Global initiative aims to reverse sharp depreciation of used electric vehicles
TOKYO — Nissan Motor’s iconic Leaf electric vehicle often fetches well below $5,000 on the used car market, no matter its mileage.
“With the current state of battery performance, any EV becomes essentially worthless after a decade of use, unless it’s a high-end model,” said a securities analyst. The Leaf has been on the market since 2010.
An EV’s value is largely defined by its battery, which accounts for 30% of the vehicle’s cost. Without a widely shared process for appraising a used battery, EVs have suffered from limited resale values.
A new pricing standard for used batteries, announced Tuesday by the Mobility Open Blockchain Initiative, aims to be a gamechanger in this regard. For electric autos to become commonplace, an active second-hand market will be imperative, along with charging stations.
MOBI’s battery pricing standard is informed by blockchain data that records the original EV’s age and mileage, as well as changes in battery temperature. Based on those factors, the battery’s condition will be given a numerical value that will be useful for pricing.
MOBI is a collective of over 100 members ranging from automakers like Ford Motor to the European Commission. The standard is expected to become commercially available next year.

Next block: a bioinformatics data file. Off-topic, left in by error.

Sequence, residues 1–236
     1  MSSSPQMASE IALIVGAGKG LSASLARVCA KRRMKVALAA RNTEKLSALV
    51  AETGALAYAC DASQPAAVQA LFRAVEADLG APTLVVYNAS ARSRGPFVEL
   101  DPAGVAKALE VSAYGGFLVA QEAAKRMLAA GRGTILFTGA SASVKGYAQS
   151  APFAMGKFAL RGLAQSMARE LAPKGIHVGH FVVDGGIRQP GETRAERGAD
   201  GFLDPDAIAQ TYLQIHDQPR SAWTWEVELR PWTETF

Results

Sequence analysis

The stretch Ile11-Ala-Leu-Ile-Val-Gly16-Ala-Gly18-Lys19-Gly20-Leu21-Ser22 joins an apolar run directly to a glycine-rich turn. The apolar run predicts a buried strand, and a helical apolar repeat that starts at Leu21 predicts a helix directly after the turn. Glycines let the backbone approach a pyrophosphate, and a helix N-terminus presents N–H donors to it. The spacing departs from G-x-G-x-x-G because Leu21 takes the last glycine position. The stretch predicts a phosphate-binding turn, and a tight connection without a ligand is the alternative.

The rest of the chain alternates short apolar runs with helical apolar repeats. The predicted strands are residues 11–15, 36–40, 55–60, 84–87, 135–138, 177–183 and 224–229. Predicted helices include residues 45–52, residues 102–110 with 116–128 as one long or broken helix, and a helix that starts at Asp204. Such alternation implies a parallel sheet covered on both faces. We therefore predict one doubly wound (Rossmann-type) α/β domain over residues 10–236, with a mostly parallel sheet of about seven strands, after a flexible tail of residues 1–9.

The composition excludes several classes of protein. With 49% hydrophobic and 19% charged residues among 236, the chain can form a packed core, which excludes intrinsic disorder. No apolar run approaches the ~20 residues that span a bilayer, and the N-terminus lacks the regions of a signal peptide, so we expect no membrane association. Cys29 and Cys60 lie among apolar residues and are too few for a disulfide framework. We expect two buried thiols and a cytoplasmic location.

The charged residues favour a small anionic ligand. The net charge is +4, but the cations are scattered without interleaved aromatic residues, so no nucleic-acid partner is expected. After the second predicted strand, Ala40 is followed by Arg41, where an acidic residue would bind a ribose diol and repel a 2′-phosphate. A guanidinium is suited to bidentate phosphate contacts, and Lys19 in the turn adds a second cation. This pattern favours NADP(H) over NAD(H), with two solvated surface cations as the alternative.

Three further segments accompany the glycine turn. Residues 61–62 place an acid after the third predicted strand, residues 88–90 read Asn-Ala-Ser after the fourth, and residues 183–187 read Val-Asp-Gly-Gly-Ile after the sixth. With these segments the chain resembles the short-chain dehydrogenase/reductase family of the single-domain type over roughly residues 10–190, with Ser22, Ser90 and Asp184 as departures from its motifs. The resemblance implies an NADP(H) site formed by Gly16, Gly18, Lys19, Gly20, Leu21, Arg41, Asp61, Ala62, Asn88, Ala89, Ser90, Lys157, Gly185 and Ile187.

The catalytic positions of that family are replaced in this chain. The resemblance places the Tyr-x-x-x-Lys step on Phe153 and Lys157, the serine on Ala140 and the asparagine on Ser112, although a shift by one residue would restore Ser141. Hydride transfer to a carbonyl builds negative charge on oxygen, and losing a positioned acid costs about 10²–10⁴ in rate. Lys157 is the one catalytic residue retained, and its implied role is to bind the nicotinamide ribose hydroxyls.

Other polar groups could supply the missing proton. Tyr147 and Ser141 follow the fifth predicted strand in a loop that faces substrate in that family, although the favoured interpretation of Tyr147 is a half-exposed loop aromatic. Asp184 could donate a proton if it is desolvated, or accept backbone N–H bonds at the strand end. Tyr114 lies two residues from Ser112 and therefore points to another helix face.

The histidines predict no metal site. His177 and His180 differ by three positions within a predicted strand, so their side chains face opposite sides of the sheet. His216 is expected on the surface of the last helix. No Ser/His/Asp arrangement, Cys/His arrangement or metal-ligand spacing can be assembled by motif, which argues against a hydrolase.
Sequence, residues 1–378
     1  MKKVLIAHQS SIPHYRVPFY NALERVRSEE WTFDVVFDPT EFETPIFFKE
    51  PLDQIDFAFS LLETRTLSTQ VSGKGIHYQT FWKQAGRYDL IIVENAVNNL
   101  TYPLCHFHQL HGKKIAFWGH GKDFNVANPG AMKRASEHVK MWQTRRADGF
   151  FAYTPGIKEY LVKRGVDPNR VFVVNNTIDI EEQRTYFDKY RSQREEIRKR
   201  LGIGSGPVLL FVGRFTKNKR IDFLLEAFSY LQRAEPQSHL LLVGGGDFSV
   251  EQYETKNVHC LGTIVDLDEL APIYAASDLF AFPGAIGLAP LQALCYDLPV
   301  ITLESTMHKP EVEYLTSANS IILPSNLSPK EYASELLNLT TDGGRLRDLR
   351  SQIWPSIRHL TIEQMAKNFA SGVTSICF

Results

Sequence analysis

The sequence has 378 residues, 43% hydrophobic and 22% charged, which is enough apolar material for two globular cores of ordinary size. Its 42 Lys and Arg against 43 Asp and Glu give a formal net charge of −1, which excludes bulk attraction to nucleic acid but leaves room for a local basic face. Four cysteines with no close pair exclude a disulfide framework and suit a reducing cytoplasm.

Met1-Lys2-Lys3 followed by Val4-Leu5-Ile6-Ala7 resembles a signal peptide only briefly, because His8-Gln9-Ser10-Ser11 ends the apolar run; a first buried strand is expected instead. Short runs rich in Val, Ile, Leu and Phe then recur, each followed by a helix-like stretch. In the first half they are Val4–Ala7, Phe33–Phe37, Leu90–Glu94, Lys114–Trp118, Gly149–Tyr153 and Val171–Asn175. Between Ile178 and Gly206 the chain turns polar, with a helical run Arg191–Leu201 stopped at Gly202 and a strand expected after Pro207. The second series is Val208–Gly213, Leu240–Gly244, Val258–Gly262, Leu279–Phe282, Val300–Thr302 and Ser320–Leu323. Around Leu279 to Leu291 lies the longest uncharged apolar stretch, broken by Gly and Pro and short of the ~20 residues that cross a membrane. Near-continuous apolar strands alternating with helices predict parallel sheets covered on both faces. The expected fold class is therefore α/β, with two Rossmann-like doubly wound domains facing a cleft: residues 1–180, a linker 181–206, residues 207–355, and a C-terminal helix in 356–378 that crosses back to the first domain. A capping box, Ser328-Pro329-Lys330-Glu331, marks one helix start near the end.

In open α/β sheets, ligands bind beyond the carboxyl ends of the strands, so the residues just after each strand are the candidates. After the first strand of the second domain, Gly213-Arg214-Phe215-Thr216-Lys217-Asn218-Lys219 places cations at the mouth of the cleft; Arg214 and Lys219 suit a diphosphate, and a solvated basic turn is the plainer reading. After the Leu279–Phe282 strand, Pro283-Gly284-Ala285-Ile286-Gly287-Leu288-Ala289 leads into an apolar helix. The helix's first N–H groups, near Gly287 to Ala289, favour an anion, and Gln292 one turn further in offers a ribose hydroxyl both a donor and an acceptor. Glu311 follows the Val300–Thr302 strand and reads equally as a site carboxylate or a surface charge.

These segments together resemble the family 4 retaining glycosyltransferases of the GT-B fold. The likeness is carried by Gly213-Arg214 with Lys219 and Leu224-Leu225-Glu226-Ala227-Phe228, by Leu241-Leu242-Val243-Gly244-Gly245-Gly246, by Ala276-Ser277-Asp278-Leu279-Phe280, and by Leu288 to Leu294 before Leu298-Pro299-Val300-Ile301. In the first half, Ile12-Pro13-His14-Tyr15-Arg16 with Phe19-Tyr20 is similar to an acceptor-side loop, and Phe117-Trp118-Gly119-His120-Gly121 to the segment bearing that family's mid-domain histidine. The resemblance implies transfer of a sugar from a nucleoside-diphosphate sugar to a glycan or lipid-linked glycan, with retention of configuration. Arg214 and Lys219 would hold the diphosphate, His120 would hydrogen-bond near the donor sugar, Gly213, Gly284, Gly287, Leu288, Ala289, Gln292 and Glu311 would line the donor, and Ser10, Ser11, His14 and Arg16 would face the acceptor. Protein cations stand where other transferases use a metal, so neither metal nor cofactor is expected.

“With Europe being ahead in creating regulations for batteries, an alliance spanning countries and corporations have finally made a move,” said Hiroto Suzuki, managing partner at consultancy Arthur D. Little Japan.
Batteries can be reused in different electric vehicles, or repurposed for storing power for residences. Although a battery’s performance declines with each recharge, there had been no common standard to guide second-hand purchases.
“I can only determine a battery’s depreciation through approximations,” said a manager at a Tokyo used-car dealership. “As of now, I can’t give an accurate valuation of used EVs.”
“For a consumer who will own an EV, the depreciation of the vehicle’s battery is one of the first things they would want to know,” said Seiji Sugiura at Tokai Tokyo Research Institute. “If such a standard of valuation quickly becomes widespread, [the owner] can clarify the EV’s asset value, which will encourage replacement purchases.”
In the Japanese market, used-car sales accounted for nearly 60% of all passenger vehicle sales last year, according to the Japan Automobile Dealers Association. But used electric cars are still circulated in limited volumes, and replacements between EVs have not made progress.
Of the roughly 490,000 used cars listed Tuesday on a search platform managed by Proto, which operates Japan’s largest used-car information site, only about 1,500 EVs were included in the count.
Source : Nikkei Asia